Note to self: Don’t come home and dive into an intense hour of singing after eating a huge brunch, no matter how inspired you might be after reading this month’s Opera News. Just don’t.
I have the worse case of heartburn I’ve had in months. Ouch!!
What was so inspiring? Here are some quotes:
Emily Pulley on rhetoric: “Professor Como said that the basis of good rhetoric – you know, the kind we never hear anymore – is to be a reliable source, speak the truth and love your audience. And something in my mind clicked. That’s the kind of singer I want to be.”
Diana Damrau on Aithra: “I’m looking forward not only to sing this but to play this role!” Opera can also be about the words!!
From a review of LHL’s Neruda Songs: “[Regardless of] the music on offer…, the mezzo could create for her listeners the illusion of complete spontaneity; she made every word and every not her own, performing with the commitment and pride of an artist who was delivering a piece that had been written just for her.”
Also, I’m sure I’m not the only singer who “does the math” about other singer’s ages when reading biographical articles. We all wonder how we’re doing, whether we’re on a track to achieve the same level of success by the same age. Of course, we know that each track is different, everyone gets to their peak at a different time, blah blah blah, but we can’t help but compare. I was inspired by doing the math on Emily Pulley, who reveals that she will turn 40 this year; she made her Met debut in a small role in 1993 (she was also a Met Competition winner that year), so at age 26. In the last 14 years, she has slowly worked her way from that small role to a full plate of roles at top houses and a reputation for success in American opera. We younger singers very easily forget that success isn’t handed to us right out of grad school, or right after a summer at a top YAP, or even after signing our first Met contract. It’s a long time coming. We work now to achieve later, if that makes any sense.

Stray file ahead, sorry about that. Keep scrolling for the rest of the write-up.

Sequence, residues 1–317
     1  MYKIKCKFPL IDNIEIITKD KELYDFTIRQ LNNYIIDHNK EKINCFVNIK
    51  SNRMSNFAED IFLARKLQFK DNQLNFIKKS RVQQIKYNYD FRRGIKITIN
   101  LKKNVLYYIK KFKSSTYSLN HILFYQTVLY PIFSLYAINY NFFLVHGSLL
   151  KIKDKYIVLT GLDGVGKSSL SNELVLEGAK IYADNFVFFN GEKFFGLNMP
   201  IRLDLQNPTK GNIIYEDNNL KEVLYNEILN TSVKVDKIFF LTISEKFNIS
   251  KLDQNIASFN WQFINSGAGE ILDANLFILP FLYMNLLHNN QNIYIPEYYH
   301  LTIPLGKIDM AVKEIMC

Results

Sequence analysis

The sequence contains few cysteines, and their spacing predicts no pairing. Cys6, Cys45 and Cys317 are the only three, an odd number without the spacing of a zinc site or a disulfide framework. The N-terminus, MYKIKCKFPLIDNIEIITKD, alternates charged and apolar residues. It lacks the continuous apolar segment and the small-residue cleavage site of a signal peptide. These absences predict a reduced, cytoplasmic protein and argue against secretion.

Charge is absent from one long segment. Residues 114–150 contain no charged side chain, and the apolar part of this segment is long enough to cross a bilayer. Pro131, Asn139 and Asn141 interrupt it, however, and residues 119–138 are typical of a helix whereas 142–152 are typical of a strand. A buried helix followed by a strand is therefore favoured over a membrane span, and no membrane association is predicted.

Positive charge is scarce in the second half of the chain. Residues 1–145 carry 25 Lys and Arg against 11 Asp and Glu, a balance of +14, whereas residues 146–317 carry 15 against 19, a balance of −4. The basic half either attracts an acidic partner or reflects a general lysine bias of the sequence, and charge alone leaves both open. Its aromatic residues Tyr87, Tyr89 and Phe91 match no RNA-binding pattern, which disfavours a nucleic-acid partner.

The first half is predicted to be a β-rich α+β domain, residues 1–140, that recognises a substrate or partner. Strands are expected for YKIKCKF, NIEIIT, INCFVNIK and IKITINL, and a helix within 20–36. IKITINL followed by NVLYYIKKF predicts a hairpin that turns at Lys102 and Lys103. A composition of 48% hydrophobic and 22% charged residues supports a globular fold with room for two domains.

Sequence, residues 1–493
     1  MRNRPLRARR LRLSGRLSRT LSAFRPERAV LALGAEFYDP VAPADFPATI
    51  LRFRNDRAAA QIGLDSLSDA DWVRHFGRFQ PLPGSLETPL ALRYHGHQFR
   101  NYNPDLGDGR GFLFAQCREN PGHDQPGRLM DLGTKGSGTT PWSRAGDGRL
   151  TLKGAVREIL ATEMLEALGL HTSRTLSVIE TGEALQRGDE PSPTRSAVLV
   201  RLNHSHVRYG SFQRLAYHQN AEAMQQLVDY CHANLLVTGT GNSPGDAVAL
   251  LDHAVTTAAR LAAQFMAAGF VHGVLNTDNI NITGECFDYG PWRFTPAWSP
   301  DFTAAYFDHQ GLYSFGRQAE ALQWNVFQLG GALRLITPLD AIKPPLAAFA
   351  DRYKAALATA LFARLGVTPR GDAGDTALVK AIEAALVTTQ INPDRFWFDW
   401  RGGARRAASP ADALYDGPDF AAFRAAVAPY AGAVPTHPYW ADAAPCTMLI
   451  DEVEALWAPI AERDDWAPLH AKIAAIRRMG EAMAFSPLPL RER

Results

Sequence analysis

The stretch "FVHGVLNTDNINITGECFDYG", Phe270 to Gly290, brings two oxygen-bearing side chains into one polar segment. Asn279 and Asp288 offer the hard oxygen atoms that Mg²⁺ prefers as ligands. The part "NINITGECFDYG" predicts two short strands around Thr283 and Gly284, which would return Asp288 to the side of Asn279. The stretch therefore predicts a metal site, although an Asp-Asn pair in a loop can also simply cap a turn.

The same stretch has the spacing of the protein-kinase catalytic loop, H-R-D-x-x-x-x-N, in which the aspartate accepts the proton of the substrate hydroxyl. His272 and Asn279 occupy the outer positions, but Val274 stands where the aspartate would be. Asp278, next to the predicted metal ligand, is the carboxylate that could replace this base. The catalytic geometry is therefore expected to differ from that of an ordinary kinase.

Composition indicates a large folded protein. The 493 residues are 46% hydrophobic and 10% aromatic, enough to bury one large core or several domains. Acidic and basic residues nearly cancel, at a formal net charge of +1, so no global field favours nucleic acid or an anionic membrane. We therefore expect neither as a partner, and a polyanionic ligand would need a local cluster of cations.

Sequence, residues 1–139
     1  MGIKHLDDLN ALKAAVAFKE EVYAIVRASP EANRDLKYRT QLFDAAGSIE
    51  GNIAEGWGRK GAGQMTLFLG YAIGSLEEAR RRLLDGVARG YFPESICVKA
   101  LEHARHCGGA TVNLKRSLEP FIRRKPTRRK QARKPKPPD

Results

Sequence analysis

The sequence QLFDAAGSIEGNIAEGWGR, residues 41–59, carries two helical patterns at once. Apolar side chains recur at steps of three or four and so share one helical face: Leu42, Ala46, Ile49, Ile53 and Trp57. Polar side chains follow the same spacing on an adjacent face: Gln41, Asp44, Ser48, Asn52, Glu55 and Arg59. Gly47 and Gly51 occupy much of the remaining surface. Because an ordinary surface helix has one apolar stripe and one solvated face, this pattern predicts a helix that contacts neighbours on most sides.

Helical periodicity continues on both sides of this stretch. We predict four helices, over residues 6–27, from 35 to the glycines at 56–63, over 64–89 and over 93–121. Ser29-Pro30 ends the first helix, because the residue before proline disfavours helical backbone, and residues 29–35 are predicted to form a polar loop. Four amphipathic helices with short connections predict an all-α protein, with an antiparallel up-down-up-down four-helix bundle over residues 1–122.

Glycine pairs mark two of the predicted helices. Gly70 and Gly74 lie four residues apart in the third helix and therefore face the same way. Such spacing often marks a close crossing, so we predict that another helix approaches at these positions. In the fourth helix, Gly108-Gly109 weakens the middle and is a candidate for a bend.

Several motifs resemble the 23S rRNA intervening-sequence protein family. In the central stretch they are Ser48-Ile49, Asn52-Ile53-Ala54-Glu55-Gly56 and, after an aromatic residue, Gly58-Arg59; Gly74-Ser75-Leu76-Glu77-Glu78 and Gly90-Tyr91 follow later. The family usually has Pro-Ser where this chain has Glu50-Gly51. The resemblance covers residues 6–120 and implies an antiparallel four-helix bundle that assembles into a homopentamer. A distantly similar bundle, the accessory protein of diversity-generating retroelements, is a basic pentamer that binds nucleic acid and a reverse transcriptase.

After all this, plus a few pages of Song of the Lark, I was ready to come home and get down to business! But my poor overstuffed belly didn’t appreciate getting pushed around by my overzealous diaphragm and abs, and now I have heartburn. So it’s armchair work for the rest of the night: L’elisir translations and diction work. Also very important steps towards achieving that success, but not quite as viscerally fulfilling as singing scales and arpeggios…